hist-brewing: Naval Brewing

Dennis Walker ansel at hom.net
Sat May 17 11:09:29 PDT 1997


Barnacle Bill wrote:
> 
> I went round the replica of the Endevour last Saturday. (Captain Cook's
> ship for his first expedition.)  As a passing comment one of the guides
> said that they brewed beer whilst they were on the ship.  Is this
> correct?   Looking at the galley it would have been a hell of a job at
> sea.

	Ansel to all, Greetings

	I found an explanation of this in _The Brewing Industry in 
England, 1700-1830_, Peter Mathias, Cambridge University Press, 1959.
	In discussing the growth of public contract brewing, and 
specifically brewing for the Admiralty, Mathias cites records of 
the Admiralty Victualling Office during the eighteenth century to show 
that the Admiralty was experimenting with various types of 
"beer concentrate", "malt spirits", or "inspissated Juice of Malt" which 
would allow ships to extend their cruising range without resupply of 
beer: "The introduction of malt spirits into the Victualling was intended 
to enable H.M.Ships employed at home service to lengthen their Cruizes, 
they not being able to stow a proportion of Beer answerable to their 
other provisions." There is a lengthy discussion of the economics of 
resupplying the fleets, difficulty in finding sufficient merchant 
vessels, cost of foreign purchase, etc.
	On 8 January of 1772, Henry Pelham, Secretary to the Admiralty 
Commissioners of Victualling, conducted an experiment in which he 
'simmered' both beer wort and already-fermented beer in double boilers 
until they were 'thick and viscid'. He described to the Victualling 
Commissioners how beer might be made at sea from 'inspissated Juice of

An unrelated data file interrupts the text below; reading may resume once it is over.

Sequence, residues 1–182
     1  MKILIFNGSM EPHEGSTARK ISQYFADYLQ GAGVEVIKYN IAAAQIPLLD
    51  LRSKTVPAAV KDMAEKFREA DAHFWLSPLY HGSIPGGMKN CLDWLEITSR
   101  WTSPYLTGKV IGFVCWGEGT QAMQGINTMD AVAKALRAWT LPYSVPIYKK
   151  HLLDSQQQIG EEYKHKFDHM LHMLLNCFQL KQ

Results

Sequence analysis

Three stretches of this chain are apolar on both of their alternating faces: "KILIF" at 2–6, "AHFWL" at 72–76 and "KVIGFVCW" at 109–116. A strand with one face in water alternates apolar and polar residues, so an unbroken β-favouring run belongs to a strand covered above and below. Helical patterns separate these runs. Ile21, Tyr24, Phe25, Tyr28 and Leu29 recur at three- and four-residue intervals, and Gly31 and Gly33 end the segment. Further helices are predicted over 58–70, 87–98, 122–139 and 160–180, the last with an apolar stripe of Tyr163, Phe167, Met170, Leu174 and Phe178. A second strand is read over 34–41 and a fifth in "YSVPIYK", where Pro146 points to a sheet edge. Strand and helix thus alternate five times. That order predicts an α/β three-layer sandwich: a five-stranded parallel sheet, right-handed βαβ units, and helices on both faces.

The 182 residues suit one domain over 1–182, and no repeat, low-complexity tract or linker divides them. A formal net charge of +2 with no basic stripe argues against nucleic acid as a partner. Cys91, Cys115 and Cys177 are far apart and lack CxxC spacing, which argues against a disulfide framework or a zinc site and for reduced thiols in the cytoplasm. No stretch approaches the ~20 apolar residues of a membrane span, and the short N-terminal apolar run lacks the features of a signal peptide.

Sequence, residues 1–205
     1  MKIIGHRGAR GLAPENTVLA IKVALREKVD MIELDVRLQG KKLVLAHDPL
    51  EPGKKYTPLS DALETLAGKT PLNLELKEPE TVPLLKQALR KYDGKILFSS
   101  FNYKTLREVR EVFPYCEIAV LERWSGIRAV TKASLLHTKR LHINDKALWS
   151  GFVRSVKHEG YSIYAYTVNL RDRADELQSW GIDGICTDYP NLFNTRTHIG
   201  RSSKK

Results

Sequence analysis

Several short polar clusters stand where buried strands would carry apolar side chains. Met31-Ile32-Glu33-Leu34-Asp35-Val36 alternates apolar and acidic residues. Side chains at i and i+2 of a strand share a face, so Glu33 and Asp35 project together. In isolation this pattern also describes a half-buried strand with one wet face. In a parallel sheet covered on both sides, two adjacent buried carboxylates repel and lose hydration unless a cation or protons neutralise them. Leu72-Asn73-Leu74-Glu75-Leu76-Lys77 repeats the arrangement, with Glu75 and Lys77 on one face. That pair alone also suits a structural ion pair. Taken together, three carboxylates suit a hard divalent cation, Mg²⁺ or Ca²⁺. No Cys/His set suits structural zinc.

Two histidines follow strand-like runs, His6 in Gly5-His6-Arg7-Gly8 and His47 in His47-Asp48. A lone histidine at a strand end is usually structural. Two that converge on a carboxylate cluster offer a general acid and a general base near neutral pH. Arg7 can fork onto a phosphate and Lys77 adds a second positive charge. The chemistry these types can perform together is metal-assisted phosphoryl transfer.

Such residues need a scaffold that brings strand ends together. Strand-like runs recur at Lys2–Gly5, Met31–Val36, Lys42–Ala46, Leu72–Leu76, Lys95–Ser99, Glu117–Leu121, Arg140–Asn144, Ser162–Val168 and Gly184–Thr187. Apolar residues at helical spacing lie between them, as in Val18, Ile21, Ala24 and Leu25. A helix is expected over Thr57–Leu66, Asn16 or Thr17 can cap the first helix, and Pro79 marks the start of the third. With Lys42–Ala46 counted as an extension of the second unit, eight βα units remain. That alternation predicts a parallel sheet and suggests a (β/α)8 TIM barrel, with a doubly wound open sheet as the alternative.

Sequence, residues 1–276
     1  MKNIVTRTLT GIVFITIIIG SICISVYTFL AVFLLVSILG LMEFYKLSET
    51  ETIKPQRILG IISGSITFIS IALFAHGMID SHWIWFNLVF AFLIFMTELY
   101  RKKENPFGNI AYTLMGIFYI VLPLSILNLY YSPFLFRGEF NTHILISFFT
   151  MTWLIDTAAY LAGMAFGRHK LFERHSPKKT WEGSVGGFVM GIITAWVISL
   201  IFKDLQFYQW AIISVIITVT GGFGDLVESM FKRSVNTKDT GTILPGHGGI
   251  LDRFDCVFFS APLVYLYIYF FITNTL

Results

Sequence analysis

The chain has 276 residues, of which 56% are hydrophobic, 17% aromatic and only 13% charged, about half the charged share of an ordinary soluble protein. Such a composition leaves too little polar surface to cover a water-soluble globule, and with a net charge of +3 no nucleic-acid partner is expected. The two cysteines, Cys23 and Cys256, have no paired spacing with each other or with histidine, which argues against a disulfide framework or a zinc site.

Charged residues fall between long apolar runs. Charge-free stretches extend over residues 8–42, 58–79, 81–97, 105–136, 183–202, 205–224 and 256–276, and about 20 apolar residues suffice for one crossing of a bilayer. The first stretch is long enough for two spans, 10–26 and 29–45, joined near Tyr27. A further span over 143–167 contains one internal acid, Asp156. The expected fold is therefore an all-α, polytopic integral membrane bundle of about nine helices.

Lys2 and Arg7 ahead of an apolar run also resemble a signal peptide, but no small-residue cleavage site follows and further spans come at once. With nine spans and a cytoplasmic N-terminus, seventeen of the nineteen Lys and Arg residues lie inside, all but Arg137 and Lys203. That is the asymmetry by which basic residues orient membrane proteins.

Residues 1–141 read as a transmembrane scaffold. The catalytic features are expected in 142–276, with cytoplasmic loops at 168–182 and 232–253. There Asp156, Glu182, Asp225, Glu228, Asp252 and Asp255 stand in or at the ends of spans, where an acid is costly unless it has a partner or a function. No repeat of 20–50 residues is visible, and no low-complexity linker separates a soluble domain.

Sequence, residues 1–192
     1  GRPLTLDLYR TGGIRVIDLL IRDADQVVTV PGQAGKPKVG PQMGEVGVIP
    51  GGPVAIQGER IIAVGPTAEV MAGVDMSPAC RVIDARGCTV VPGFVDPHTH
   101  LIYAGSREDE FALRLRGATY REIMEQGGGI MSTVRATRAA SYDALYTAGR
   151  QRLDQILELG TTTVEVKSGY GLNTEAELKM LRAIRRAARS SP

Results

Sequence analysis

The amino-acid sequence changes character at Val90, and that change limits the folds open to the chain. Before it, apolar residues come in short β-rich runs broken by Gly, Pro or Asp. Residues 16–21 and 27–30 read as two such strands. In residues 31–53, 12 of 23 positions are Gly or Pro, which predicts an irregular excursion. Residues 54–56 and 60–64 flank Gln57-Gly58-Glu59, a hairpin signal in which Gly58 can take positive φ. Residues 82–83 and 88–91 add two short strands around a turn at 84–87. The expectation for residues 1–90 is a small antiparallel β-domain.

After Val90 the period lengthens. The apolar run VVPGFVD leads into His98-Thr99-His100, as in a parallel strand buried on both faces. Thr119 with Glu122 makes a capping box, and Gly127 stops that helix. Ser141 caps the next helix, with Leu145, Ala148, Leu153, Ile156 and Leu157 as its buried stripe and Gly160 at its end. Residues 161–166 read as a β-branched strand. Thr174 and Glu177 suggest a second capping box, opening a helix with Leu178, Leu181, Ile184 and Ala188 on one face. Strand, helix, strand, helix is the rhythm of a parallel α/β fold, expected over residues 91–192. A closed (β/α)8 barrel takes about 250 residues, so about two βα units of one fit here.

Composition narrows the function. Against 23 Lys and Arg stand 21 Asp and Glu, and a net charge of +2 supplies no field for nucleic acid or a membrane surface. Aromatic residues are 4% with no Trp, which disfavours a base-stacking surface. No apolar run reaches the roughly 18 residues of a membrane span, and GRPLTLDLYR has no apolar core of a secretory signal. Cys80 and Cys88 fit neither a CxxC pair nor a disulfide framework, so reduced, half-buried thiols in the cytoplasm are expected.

Malt': "this Juice might...be afterwards made into Beer at Sea without 
any other Trouble than the mixing of it with the necessary quantity of 
warm water and letting it stand to acquire a proper spirit and 
Briskness." 
	On 16 January 1772 the Admiralty ordered six weeks' supply be 
prepared for Captain Cooks' sloops Resolution and Adventure, then fitting 
out 'for remote parts'. In October of that year, more essences, of spruce 
and molasses, were taken on board the Endeavour and the Penguin fitting 
out for the Falklands.
	Captain Cook himself wrote: "it was probable this inspissated 
juice would keep at sea, and, if so, a supply of beer might be had at any 
time..." Beer was brewed from it in New Zealand, Kamchatka, and the west 
coast of America. Cook claimed that it was one of the best anti-scurvy 
medicines available. (Cook, _Voyages towards the South Pole_, 1777).
	As Mathias details, the significance of all this from the 
Admiralty's point of view was that acceptable beer could be brewed on 
board ship at a considerable savings in space, by using water obtained 
locally. Larger scale trials continued and in 1779 the Admiralty ordered 
'essence of wort' for normal issue to all H.M. ships on channel or 
foreign service. Captains were to distribute it at the rate of 1/4 pound 
of essence in lieu of one gallon of Beer, "which will save the Beer, 
preserve the health of the Men and not increase the expence of 
victualling them". 
	Unfortunately, two years later the Commissioners of Victualling 
had to admit that their grand experiment had failed: "We find from 
repeated trials that the said essence, though universally acknowledged to 
be extremely salutary for the purposes recommended [ie, as an 
anti-scorbutic] will not be accepted on board H.M.Ships but as a 
medicine." 
	The provision of essence was scaled back to medicinal ration 
proportions. The Admiralty ultimately solved its supply/volume/alcohol 
ration problems by going to the 'grog' system fans of the Hornblower 
novels will be familiar with, whereby alcohol in the concentrated form of 
rum was carried on board and served diluted with water.
	
	--Ansel
	Dennis Walker

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